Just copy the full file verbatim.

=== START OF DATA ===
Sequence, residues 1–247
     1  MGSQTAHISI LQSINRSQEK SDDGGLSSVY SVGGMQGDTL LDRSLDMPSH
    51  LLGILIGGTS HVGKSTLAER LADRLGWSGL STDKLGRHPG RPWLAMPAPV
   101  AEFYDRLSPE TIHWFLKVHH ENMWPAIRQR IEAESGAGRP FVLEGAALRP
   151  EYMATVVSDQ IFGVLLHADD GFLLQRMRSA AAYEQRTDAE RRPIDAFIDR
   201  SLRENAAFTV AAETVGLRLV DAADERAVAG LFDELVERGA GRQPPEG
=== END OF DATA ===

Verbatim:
Sequence, residues 1–247
     1  MGSQTAHISI LQSINRSQEK SDDGGLSSVY SVGGMQGDTL LDRSLDMPSH
    51  LLGILIGGTS HVGKSTLAER LADRLGWSGL STDKLGRHPG RPWLAMPAPV
   101  AEFYDRLSPE TIHWFLKVHH ENMWPAIRQR IEAESGAGRP FVLEGAALRP
   151  EYMATVVSDQ IFGVLLHADD GFLLQRMRSA AAYEQRTDAE RRPIDAFIDR
   201  SLRENAAFTV AAETVGLRLV DAADERAVAG LFDELVERGA GRQPPEG